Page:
It doesn’t always hold your attention, but when it does, it prefers...
What’s Wrong with Matt Moore?
Tampa Bay Rays left hander Matt Moore came into this season with the greatest of expectations. After a storybook end to 2011 when he struck out 23 in 19 innings and piloted the Rays to their lone playoff win, he was was ranked as the game’s top pitching prospect. In Tampa he was hailed as the next Cy Young. A cursory look at this year’s statistics reveals that he hasn’t quite been the game changer that many thought he would be. Moore’s been especially disappointing in light of the performances from fellow prospects Mike Trout and Bryce Harper. His 4.42 ERA is not good and neither is his 4.52 BB/9. However, Moore has some of the best stuff in baseball and the poor first half should be easy to turn around if he can overcome these periodic lapses in control, right? Not so fast.
Moore’s fastball is probably the best in the game. His 94.2 mph offering ranks as the 5th quickest among starters, but it’s the movement that sets his it apart. His heater has 9.1 inches of horizantal movement (bested only by Chris Sale), and 11.1 inches of vertical movement (good for 5th). We know his fastball tails all over the place and is super fast, but this does little to explain the inflated ERA.
Recently, Dave Cameron of fangraphs wrote that Matt Moore needed a better breaking ball. Mr. Cameron stated that all lefties hitting like Josh Hamilton off of Moore was due largely to the neutralization of his devastating changeup against the same-handed batters. Cameron’s argument continued that lefties were left to guess between fastball and slider. With the slider being the weaker of the two offerings, left handed hitters were able to sit on his very good fastball. Since then, Moore’s lefty opponents have hit more like Andre Ethier. I just don’t see how his slider (a pitch he throws just 13.7% of the time) is the real issue.
I’m more stuck on why that great fastball, with that great movement hasn’t allowed Moore to simply pound the zone and get outs quickly.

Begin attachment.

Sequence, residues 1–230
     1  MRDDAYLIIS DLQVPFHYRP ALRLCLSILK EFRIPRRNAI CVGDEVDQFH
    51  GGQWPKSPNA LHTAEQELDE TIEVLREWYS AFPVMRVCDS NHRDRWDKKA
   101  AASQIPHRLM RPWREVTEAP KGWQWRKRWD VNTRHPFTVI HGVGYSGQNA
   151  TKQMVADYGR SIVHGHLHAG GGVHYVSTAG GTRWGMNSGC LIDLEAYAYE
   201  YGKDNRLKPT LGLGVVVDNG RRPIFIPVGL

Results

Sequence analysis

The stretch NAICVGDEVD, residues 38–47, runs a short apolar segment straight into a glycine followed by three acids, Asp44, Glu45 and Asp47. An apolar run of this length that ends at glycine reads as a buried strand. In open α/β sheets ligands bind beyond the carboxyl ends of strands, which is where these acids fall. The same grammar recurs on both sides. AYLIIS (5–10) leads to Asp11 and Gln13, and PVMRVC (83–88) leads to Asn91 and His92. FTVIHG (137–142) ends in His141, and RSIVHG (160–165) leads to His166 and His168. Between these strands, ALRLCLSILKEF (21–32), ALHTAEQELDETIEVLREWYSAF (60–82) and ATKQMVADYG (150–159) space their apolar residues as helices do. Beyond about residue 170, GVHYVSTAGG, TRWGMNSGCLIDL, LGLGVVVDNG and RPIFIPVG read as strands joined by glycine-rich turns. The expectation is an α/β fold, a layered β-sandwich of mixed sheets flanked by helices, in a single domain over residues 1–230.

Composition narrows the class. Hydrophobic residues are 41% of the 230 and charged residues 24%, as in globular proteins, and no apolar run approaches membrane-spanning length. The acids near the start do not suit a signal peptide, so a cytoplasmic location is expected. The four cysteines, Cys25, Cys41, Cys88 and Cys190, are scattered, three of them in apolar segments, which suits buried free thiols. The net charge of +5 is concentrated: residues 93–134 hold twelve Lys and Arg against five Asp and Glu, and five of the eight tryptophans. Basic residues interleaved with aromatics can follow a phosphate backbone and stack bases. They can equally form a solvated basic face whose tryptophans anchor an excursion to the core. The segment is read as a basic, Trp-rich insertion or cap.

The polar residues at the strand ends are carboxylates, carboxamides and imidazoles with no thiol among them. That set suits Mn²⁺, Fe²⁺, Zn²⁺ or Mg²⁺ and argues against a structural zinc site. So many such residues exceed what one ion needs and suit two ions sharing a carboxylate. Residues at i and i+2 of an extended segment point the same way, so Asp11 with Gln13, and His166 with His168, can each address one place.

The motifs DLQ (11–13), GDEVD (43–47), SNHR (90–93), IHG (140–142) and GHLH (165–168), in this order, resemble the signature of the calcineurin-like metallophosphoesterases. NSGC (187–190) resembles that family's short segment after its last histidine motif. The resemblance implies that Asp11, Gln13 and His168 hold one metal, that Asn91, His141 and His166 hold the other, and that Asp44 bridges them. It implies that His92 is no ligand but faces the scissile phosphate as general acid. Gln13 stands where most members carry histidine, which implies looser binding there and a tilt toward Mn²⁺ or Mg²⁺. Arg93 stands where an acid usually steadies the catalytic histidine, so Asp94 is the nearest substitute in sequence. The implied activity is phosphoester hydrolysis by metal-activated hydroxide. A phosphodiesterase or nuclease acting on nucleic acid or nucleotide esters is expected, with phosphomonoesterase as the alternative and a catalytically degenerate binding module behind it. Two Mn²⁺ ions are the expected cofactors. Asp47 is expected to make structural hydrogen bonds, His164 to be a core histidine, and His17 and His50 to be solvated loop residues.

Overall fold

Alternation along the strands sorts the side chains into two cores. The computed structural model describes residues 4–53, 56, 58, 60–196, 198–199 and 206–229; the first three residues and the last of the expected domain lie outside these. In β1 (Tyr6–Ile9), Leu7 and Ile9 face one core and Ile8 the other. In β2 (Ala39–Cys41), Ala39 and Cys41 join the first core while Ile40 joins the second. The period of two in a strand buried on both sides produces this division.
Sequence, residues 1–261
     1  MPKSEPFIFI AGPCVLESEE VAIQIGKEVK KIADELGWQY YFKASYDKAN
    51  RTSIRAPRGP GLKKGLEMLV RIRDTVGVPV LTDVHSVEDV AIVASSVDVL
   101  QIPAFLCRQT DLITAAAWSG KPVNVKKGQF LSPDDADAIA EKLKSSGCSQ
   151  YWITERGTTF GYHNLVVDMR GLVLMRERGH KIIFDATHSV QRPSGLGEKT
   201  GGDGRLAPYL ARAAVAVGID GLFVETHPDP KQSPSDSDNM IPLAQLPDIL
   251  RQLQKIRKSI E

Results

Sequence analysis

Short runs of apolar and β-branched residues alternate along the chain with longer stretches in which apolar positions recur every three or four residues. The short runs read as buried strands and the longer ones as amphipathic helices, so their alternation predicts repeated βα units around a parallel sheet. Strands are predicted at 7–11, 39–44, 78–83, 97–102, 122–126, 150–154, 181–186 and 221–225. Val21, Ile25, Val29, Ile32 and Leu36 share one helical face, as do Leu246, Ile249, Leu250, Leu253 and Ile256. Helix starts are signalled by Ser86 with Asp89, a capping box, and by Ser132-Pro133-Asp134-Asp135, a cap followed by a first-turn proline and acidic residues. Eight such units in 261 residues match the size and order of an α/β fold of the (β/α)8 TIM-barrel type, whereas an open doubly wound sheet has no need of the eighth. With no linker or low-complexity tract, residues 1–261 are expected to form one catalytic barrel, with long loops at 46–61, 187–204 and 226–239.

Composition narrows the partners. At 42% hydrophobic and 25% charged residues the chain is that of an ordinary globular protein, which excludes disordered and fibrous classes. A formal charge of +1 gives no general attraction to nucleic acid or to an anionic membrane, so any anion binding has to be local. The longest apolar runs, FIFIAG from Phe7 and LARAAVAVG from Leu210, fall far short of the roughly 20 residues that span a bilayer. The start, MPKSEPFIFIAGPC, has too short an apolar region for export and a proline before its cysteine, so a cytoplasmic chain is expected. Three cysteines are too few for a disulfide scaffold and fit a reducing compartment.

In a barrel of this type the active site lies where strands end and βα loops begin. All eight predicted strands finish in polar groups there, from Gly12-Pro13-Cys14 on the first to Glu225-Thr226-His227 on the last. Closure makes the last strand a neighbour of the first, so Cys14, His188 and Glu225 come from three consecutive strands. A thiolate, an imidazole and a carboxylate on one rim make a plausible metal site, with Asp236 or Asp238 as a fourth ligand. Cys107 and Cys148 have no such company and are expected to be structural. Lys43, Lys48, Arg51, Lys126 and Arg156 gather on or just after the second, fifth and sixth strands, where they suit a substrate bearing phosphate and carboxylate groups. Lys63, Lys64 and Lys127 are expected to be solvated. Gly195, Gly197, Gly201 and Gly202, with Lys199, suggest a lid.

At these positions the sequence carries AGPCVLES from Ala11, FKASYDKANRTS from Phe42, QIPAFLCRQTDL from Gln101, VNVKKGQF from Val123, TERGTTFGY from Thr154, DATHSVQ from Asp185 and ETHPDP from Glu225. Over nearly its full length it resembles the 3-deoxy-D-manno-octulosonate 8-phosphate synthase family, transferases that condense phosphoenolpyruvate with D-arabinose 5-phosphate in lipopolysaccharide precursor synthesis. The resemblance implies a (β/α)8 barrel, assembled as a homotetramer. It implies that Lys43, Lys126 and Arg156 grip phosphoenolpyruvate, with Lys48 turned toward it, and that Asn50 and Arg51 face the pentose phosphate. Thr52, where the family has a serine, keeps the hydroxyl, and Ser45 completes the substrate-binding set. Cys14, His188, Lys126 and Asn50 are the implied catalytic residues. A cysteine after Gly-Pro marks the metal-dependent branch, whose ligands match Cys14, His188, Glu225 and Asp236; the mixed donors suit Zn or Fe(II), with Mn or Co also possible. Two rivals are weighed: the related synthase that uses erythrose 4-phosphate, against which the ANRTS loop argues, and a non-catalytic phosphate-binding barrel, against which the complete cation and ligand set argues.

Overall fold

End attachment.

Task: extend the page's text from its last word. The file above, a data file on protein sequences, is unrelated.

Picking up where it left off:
I found my answer in Moore’s heat map. Notice how Moore is leaving his fastball right down the middle, even a bit out, where right handed hitters can get their hands extended and catch up to the 95 mph heat.
Moore has struck out hitters at a rate of 8.86/9 IP. To compare, Mr. Verlander checks in at 8.87 K/9. The problem isn’t in Moore’s stuff. It isn’t in his changeup or slider. It’s his location. And he’s missing in the wrong direction: over the middle. In 2010 Jonathan Sanchez found success (3.07 ERA) while walking about the same rate of hitters. In 2008 Daisuke Matsuzaka (2.90 ERA) and 2009 Clayton Kershaw (2.79 ERA) each had higher walk rates than Moore does today. Moore can be successful if he tries to live on the black and misses away. Right now those 9.1 inches are tailing right over the middle.
That all said, it’s not like Moore’s been all bad. His gifted left shoulder is still intact and I’m sure most fans would be happy to have so much promise in a kid as young as Matt Moore. Many young pitchers go through these stretches where location is difficult, just ask Jeff Samardzija. Kershaw’s 2009 campaign is also a great example. Moore simply has to keep plugging along and Cy Young’s will be on his mantel, just as they are for Mr. Kershaw. Just for fun here’s Kershaw’s heat map from that 2009 season. Notice how everything is right down the middle.
Young Matt Moore just needs to learn to move that red blob down and away. Like Roy Halladay:
Stat of the Day: In 2010, from whence that Heat Map comes, Roy Halladay won the Cy Young while leading the NL in 8 different categories, including wins, shutouts, strikeouts, and innings pitched.